Intermediate/middle school historical fiction

These works of historical fiction provide snapshots of time and place — and blood- and chosen families — for middle-graders and middle-schoolers.

In Indian No More, it’s 1954 and eight-year-old Regina Petit and her family — members of the Umpqua tribe in northern Oregon — are forced by the U.S. government to relocate to Los Angeles. There, Regina tries to adapt, making friends outside her culture and figuring out what it means to be Indian. Authors Charlene Willing McManis and Traci Sorell's straightforward, easygoing narrative is shot through with deadpan, subversive humor; this book is distinctive in voice, accessible in style, and told with an insider's particular power (it's based on McManis's childhood). (Lee & Low/Tu, 8–11 years)

In Ibi Zoboi's My Life as an Ice Cream Sandwich, seventh grader Ebony-Grace visits the father she hardly knows in Harlem during the summer of 1984. Her anxiety is exacerbated when she learns her beloved grandfather (who entertains her star-filled dreams of space travel and adventure) is in trouble back in Alabama. Zoboi's touching and (sometimes) humorous coming-of-age story highlights the importance of imagination and learning to celebrate being different. Interspersed black-and-white comic panel illustrations by Anthony Piper depict Ebony-Grace's fanciful voyages to other worlds. (Dutton, 9–12 years)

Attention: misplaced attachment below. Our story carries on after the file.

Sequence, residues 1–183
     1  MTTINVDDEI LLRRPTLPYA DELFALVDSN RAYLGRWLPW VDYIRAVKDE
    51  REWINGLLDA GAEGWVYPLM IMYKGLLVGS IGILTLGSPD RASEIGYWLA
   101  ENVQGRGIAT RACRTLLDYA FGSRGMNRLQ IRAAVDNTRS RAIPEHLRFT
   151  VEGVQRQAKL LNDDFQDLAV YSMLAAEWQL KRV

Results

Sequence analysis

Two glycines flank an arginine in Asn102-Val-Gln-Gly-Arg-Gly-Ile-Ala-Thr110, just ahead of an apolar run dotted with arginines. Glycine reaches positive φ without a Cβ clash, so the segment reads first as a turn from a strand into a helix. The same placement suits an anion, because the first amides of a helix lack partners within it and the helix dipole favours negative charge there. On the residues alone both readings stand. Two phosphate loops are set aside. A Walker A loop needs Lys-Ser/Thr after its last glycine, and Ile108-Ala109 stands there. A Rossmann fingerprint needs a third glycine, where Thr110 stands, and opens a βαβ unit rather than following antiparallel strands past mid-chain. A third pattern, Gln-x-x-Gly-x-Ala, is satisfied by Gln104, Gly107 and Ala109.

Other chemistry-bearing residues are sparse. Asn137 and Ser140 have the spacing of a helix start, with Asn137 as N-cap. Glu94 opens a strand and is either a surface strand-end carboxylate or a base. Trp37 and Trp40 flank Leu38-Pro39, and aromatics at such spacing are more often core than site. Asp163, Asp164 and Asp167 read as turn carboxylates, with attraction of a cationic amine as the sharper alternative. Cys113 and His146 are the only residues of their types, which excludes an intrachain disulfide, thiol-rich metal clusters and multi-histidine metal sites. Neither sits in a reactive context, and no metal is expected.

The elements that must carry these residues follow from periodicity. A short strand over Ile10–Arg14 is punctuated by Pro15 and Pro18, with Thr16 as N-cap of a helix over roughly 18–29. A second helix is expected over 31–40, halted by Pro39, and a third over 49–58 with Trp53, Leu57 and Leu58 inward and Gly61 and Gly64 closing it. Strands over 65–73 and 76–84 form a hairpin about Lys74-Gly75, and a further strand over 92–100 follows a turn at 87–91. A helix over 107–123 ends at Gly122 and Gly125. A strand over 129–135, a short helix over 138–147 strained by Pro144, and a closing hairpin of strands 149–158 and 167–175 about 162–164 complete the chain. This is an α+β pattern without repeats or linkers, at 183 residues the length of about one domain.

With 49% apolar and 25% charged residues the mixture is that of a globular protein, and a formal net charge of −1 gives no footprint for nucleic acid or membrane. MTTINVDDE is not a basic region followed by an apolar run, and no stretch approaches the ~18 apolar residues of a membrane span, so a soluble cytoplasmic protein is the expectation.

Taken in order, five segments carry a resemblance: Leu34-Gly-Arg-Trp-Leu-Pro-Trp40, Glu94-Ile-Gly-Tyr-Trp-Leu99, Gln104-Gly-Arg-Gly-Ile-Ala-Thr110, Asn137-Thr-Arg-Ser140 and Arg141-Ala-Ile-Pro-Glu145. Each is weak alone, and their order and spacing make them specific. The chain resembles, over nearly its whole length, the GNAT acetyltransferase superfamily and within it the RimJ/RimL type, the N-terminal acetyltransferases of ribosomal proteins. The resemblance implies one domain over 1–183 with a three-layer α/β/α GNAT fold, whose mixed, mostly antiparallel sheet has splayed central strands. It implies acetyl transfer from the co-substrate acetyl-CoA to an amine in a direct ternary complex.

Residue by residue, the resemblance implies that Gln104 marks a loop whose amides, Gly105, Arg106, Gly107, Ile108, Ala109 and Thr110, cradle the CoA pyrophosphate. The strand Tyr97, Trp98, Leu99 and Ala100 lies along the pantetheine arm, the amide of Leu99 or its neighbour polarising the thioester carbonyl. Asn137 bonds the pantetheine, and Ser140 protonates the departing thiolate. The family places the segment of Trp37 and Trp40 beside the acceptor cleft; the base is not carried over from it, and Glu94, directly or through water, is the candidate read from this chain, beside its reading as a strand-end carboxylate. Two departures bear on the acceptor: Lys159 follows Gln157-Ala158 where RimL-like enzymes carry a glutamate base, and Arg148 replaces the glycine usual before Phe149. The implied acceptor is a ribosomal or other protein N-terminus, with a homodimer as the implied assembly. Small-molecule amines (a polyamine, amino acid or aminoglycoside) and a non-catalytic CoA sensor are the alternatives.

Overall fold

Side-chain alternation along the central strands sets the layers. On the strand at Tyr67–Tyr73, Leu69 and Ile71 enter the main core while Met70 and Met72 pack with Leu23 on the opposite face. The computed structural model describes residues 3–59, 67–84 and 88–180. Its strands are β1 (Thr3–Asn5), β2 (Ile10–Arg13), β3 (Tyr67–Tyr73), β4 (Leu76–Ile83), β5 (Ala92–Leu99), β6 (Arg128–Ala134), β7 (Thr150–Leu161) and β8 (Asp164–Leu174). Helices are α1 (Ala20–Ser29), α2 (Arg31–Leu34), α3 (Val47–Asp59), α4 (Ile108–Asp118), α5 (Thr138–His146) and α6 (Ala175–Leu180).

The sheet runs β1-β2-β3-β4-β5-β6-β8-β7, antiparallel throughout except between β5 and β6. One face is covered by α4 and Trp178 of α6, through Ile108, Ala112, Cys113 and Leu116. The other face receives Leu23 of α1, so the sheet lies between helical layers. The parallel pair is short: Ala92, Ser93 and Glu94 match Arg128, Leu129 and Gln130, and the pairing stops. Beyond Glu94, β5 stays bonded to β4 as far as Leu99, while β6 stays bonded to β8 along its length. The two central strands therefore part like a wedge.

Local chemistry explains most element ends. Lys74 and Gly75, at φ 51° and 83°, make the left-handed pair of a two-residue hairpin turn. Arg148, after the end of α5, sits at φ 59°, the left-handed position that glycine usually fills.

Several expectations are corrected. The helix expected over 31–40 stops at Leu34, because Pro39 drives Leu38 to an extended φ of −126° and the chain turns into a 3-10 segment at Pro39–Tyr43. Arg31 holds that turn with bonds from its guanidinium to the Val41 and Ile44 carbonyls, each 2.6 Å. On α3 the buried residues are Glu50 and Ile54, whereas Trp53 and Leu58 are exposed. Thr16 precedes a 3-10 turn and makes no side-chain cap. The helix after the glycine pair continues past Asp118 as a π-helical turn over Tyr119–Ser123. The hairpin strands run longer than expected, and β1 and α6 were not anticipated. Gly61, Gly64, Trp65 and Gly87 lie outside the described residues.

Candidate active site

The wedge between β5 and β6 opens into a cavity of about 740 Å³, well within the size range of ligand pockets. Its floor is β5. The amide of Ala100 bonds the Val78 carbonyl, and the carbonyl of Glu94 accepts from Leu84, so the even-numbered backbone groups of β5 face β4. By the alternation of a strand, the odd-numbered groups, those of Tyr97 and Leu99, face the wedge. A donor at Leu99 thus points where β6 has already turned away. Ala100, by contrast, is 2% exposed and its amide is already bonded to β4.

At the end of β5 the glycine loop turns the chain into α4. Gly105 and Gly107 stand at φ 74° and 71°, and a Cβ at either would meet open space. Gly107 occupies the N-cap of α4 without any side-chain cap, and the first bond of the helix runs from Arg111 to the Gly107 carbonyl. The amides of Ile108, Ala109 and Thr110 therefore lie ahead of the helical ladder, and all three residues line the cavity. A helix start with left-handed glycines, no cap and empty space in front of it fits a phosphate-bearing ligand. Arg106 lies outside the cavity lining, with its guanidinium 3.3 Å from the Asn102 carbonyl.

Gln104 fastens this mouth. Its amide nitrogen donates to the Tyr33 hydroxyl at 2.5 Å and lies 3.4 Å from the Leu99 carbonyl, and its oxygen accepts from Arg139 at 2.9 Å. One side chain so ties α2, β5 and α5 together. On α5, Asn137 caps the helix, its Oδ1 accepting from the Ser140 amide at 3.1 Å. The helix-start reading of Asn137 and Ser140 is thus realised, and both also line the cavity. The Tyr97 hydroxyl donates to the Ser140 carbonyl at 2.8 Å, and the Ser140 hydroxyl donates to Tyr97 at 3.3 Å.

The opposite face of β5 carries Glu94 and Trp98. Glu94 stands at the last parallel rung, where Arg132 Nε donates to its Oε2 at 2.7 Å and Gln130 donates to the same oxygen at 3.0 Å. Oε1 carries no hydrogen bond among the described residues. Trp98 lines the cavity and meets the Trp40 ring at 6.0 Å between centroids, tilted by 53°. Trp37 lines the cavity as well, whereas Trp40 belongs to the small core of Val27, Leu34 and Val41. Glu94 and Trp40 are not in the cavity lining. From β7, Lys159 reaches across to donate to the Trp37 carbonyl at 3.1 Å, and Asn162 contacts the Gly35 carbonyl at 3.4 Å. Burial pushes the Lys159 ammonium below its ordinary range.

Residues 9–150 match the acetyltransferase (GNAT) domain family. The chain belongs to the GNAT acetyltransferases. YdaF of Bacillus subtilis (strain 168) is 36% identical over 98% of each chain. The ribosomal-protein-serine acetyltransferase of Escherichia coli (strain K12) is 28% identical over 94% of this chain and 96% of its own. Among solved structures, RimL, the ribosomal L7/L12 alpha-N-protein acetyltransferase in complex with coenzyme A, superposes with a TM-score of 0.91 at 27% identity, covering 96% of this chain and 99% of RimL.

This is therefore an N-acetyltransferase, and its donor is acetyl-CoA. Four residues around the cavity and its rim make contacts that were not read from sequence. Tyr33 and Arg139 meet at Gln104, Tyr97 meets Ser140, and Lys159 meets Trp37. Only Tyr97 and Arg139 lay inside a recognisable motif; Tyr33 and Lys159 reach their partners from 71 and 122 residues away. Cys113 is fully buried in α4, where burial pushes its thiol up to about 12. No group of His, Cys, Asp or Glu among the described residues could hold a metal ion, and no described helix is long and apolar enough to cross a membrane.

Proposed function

In 1971, the "grand new experiment" of school integration means that twelve-year-old Jamila and her two best friends will attend junior high across town. Feeling like outsiders in their predominantly white Queens, New York, neighborhood, the mixed-race tweens are excited to finally "fit in." But the reality is not what they had expected. In The Long Ride, Jamila's narration is authentic-sounding as she navigates transitions, friendships, and family expectations. Marina Budhos's author's note provides historical context. (Random/Lamb, 11–14 years)

After the "dog of [her] heart," dies, fourteen-year-old Beverly, protagonist of Beverly, Right Here by Kate DiCamillo (companion to Raymie Nightingale and Louisiana's Way Home), catches a ride with her loser cousin to Tamaray Beach, where she finds a job busing tables and a place to stay in return for driving elderly Iola Jenkins to bingo. Drawn with unusual depth, the members of Beverly's small community emerge as complex individuals but also, collectively, as a force for change and goodwill in this 1970s-set tale. (Candlewick, 11–14 years)

From the November 2019 issue of Notes from the Horn Book.

Elissa Gershowitz

Elissa Gershowitz is executive editor of The Horn Book, Inc. She holds an MA from the Center for the Study of Children's Literature at Simmons University and a BA from Oberlin College.

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